Home Security

A secure home not only allows peace of mind for you and your family but will also be attractive to potential buyers.

The nature of burglaries in the UK is often opportunistic, with around 20% of ‘break-ins’ not involving any ‘breaking’ whatsoever.

Thieves simply wonder through open doors or slip through open windows without breaking so much as a sweat, let alone your doors or locks.

In recent years there has been a controversial television series which involves ex-burglars demonstrating how easy it is to break in to houses, and in fact, filming them doing just that.

The reason behind this programme was not to show how clever the burglars are, or to give budding apprentice burglars some tips, but to convey the importance of thinking like a thief and to allow the viewer to gain an understanding of how to deter a potential intruder from seeing your home as a possible target.

This guide aims to do the same thing; getting you to consider your home security through a burglar’s eyes.


Everybody knows, or at least everybody should know, the importance of locking your doors. However, the type of lock and the type of door should not be overlooked.

Wooden doors that are used for entry into your house should be at least 44mm thick and with substantiallocks. Five lever mortise deadlocks kite-marked to at least BS3621 are recommended and on top of a thick door with a substantial lock, an internal bolt on your door, for that little bit of extra security, can be purchased cheaply and will do no harm.

It is very important that doors and door frames are fitted by professionals, or at least somebody who knows what they are doing, as all the locks in the world can quickly be rendered useless in the absence of a sturdy frame and properly fitted hinges.

Unfortunately, another thing that can weaken your door is glass panelling, however, if you are particularly keen on the aesthetics of glass panelling there are secure solutions such as laminated and reinforced glass that can be fitted.

Patio doors can also be somewhat flimsy. Most modern doors are relatively secure with a multi locking system but certain older products may need some reinforcement, it may be worth seeking specialist advice to ensure that you have substantial locks at the top and bottom of your doors.

Letterboxes can also compromise your homes security, especially if you leave your keys on show, and within reach of your door.

If thieves can locate the whereabouts of a set of keys and you have a standard open letterbox, they will have little trouble in fashioning a long device with a hook on the end of it to fish your keys through the letterbox. Look into securing your letterbox with a cage, alternatively there is the option of an internal cover or built in bristles that will also prevent any draft.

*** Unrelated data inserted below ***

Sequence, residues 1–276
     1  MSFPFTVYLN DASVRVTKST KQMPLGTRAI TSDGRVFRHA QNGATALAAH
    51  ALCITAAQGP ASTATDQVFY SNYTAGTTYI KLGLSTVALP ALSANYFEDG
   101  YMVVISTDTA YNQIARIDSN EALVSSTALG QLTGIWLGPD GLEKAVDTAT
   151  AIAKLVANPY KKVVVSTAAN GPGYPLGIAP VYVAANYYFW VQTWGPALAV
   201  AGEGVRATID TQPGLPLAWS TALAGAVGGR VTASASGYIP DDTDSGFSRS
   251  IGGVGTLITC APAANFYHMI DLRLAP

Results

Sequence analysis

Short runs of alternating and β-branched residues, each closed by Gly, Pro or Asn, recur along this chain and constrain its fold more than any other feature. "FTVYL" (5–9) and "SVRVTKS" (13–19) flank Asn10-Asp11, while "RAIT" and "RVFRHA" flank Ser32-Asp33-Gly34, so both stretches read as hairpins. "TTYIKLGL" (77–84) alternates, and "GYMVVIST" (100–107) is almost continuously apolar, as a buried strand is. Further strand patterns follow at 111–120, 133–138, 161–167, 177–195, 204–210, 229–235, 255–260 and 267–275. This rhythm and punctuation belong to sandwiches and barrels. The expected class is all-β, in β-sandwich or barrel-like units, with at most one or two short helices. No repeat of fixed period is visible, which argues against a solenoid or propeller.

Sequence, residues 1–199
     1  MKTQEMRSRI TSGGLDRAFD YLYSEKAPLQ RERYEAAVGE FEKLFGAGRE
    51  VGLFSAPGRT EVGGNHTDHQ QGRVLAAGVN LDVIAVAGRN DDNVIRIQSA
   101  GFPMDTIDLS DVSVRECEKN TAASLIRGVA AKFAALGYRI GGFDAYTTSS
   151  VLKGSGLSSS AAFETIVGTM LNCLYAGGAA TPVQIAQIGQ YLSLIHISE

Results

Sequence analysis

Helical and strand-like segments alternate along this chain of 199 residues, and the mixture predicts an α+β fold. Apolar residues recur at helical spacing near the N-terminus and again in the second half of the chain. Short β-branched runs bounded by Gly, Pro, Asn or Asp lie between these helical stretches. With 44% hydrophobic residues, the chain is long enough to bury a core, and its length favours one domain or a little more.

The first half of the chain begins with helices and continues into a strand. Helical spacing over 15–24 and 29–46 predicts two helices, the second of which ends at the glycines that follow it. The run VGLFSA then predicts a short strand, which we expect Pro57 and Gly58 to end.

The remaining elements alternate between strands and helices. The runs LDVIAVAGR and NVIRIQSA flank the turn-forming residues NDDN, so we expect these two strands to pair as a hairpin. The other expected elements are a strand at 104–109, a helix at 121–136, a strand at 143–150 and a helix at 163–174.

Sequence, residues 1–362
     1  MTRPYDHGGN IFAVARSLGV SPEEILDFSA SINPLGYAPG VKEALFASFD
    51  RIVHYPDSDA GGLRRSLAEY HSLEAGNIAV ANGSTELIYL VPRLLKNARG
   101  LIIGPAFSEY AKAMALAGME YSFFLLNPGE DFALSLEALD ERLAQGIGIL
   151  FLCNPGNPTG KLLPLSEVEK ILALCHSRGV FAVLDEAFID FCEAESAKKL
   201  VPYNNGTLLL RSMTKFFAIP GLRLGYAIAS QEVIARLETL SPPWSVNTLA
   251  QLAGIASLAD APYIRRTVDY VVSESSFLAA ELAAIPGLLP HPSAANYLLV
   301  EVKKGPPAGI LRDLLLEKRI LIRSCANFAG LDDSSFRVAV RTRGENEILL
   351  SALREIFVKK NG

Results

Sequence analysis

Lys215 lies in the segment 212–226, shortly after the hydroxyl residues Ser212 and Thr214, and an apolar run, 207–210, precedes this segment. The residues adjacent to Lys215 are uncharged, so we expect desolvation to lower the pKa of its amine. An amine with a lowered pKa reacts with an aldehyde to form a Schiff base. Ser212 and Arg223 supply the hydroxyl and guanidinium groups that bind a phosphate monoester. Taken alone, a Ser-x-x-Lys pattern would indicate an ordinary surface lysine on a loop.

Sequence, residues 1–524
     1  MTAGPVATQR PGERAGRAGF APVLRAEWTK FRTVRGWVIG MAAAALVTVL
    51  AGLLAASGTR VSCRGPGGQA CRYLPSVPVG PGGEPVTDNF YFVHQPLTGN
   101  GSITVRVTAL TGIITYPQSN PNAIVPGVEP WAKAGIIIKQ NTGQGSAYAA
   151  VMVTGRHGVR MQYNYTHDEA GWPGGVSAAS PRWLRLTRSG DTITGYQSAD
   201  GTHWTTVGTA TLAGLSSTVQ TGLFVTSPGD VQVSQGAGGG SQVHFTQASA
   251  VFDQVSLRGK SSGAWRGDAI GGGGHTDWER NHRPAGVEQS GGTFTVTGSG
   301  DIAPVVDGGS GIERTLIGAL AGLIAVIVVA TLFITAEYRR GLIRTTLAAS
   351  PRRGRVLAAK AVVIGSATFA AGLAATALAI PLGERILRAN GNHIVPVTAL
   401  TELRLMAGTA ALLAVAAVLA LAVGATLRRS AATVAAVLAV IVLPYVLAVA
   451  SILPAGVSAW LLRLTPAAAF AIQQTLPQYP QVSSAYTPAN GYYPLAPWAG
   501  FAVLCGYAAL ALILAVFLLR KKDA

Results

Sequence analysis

With regard to your keys, keep them in a safe place, whether they are car house keys, car keys, or shed keys, do not keep them on show or under your mat! It is also somewhat of an annoyance but considering changing your locks when you move house may be the only way to ensure that you are the only key holder to your new home.

Door viewers (spy holes) are also a good way to identify anybody who is at your door before you open it which can give enhanced protection against bogus/hostile callers and give you that extra bit of peace of mind so that you do not panic every time your doorbell goes.

Also, with regard to strangers calling at your door, do not be afraid to ask for some ID, or even to request that they come back when somebody else is in, a legitimate caller should be respectful of your cautious attitude.


Burglars often see windows as, well, great windows of opportunity. Quite literally! Around a third of burglaries involve an intrusion through a window and they are therefore very important to home security.

If security is important to you, and you would like to be as secure as possible, then there is no getting around the fact that double glazing, whatever your opinions of it, is a must. And laminated or reinforced glass is a welcome extra.

Particular attention should be paid to downstairs windows, easily reachable upstairs windows and windows that cannot be seen from the street. Visible window locks will act as a deterrent as burglars will not want to smash glass and attract attention.

It is extremely important that you are not dismissive of windows because they are quite small or because they look, to you, like they would be a ‘real pain’ to get into. A skilled burglar can get through any opening larger than a human head and will not necessarily be put off by a window that looks like it would be a ‘pain’ to infiltrate.